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Molecular epidemiology of heartwater (Ehrlichia ruminantium infection) in The Gambia

By B. Faburay


Heartwater is caused by Ehrlichia ruminantium and transmitted by ticks of the genus Amblyomma. It occurs in sub-Saharan Africa and in the Caribbean and affects domestic ruminants. There is general lack of information on the epidemiology of the disease in The Gambia. Results of a countrywide serological survey (chapter 2) using MAP1-B ELISA showed the infection is widespread throughout the country and showed a gradient of increasing heartwater risk for susceptible livestock from the east to the west of The Gambia. In sheep, the highest seroprevalence was detected in the western part of the country, 88.1% in the Western Division and 62.1% in the Lower River Division. Similarly in goats, the highest seroprevalence was detected in the westerly part of the country, North Bank Division (59%) and Western Division (44.1%). Sheep and goats in the two easterly divisions (Central River and Upper River divisions) showed the lowest seroprevalence rates. In Chapter 3 the nested pCS20 PCR showed the highest detection performance for detection of E. ruminantium in Amblyomma variegatum ticks compared to the nested map1 PCR and reverse line blot hybridization. Application of the pCS20 PCR in a subsequent study of E. ruminantium tick infection rates in The Gambia showed infection rates ranged from 1.6 % to 15.1 % with higher prevalences detected at sites in the westerly divisions (Western, Lower River and North Bank) than sites in the easterly divisions (Central River and Upper River) of the country. The RLB, in addition, demonstrated molecular evidence of Ehrlichia ovina, Anaplasma ovis and Anaplasma marginale infections in The Gambia. Chapter 4 described longitudinal monitoring of E. ruminantium infection in extensively managed newborn lambs and kids using pCS20 PCR and MAP1-B ELISA. Infection rates detected by pCS20 PCR increased with increasing age. Half (7/14) of the newborn PCR-positive animals tested positive in the first 3 days after birth, suggesting that transmission other than by tick feeding had played a role. In contrast, seropositivity detected by MAP1-B ELISA declined with increasing age suggesting the presence of maternal antibodies. It is concluded that both the vector tick and vertical transmission may play a vital role in the epidemiology of heartwater in young animals; and showed the age range of 4 and 12 weeks corresponds to the period of highest susceptibility to heartwater in traditionally managed small ruminants. The study of genetic diversity of E. ruminantium by restriction fragment profile analysis of map1 gene is described in chapter 5. The results showed the presence of multiple genotypes (at least 11) of the E. ruminantium in the three agroecological zones of The Gambia, Sudano-Guinean (SG), Western Sudano-Sahelian (WSS) and Eastern Sudano-Sahelian (ESS) with the greatest number of diversity detected in the WSS and SG zones. Chapter 6 described the evaluation of an inactivated vaccine, prepared from E. ruminantium (Gardel stock), and a live attenuated vaccine from E. ruminantium (Senegal stock) against heartwater in Sahelian sheep. A local stock of E. ruminantium (Kerr Seringe) was used as challenge material. Inactivated and live attenuated vaccines provided 43 % and 100% protection, respectively, against virulent needle challenge. In a subsequent field trial, the attenuated vaccine protected 75% of sheep against virulent tick challenge, which was fatal for all control sheep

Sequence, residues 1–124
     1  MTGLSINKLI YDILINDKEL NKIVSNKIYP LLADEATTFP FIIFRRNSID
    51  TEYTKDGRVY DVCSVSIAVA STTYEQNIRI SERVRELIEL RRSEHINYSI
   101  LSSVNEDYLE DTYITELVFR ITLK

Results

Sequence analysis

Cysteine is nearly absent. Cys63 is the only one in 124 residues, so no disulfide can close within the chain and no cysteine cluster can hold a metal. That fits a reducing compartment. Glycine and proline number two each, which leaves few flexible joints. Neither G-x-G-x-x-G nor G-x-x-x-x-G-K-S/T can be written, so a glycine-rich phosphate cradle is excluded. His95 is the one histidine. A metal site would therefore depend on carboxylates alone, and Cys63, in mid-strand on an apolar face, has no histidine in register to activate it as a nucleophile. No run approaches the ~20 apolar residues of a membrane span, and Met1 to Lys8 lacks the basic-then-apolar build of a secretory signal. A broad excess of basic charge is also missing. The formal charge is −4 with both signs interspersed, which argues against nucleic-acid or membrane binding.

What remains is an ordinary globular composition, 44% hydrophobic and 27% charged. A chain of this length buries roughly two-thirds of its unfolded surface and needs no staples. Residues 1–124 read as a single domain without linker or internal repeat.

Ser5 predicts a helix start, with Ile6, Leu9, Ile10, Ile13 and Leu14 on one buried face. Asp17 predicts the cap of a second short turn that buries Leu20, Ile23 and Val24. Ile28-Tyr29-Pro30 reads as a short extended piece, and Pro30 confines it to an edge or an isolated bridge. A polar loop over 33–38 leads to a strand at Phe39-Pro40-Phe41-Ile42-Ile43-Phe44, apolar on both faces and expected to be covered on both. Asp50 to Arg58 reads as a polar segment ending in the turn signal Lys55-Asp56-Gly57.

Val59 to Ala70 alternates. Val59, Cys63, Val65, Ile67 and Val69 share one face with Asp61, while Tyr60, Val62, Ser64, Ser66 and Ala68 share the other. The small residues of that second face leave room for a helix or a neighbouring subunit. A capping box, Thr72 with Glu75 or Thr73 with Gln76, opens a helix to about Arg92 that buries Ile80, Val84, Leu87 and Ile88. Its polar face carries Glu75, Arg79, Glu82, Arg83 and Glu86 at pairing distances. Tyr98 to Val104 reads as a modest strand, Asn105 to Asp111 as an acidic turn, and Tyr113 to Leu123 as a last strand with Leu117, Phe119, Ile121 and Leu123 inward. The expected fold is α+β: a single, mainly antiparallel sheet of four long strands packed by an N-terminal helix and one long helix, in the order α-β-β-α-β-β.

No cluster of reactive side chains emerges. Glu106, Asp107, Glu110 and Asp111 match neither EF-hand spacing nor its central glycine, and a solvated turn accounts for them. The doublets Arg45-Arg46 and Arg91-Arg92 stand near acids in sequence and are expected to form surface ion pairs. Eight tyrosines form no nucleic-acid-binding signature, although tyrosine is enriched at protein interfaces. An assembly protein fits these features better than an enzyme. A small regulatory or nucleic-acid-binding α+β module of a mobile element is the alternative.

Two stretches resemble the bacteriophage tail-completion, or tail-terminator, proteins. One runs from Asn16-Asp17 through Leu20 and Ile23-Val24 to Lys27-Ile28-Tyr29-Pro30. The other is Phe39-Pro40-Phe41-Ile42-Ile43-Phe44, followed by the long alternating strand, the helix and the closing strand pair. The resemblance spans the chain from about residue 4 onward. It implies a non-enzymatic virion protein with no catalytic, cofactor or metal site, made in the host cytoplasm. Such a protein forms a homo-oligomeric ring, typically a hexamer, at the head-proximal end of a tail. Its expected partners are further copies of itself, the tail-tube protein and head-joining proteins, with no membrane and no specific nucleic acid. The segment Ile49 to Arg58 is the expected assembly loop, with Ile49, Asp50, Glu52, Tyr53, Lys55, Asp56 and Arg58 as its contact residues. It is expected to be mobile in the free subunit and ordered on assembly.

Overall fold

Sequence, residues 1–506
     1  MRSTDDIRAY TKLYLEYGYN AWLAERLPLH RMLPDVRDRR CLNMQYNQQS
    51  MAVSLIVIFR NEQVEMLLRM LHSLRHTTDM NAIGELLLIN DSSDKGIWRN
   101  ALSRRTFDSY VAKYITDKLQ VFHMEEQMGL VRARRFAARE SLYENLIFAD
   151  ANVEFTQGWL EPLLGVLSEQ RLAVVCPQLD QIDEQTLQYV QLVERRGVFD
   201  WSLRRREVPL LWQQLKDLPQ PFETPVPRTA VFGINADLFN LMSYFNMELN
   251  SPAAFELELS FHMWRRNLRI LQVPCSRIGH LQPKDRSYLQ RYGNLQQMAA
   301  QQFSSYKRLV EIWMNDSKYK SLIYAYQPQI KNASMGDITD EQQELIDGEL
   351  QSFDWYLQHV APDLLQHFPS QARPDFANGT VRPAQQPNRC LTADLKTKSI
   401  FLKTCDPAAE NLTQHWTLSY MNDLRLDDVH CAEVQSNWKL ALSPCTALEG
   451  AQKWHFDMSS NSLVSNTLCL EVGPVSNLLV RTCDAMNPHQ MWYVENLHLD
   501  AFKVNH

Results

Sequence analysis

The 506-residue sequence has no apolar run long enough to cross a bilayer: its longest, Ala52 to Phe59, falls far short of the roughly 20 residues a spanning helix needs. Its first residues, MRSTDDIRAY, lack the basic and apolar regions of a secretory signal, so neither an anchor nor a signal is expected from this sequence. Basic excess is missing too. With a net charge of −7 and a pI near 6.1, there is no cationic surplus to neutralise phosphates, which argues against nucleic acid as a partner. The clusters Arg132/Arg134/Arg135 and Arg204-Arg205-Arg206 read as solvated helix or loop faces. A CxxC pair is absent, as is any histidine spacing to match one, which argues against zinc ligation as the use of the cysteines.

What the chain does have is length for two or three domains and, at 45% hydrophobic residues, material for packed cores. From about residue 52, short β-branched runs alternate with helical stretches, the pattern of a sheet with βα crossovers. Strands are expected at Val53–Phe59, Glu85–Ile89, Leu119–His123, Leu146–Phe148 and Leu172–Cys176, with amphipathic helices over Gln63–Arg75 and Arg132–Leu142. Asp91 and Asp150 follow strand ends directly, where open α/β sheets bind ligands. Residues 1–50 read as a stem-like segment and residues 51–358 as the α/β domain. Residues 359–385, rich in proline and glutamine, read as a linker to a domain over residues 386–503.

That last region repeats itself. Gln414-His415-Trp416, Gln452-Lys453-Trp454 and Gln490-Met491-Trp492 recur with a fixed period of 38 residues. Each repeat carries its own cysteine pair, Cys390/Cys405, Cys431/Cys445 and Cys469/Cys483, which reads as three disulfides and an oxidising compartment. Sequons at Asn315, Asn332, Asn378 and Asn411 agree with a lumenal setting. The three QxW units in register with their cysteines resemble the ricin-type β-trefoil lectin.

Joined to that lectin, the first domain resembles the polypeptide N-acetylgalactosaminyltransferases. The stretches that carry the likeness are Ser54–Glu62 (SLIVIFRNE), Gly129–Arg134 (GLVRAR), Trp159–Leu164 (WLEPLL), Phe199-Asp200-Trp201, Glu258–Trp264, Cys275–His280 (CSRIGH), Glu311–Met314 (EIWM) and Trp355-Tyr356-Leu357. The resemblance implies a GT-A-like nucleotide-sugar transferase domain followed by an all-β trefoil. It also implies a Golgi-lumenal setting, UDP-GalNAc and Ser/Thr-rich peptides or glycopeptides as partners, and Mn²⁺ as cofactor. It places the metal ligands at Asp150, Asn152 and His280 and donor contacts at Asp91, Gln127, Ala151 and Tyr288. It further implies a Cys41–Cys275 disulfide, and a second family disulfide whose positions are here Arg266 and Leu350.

Topics: Diergeneeskunde, heartwater, E. ruminantium, A. variegatum ticks, serological survey, pCS20 PCR, MAP1-B ELISA, genetic diversity, vaccine, small ruminants, The Gambia
Publisher: Utrecht University
Year: 2007
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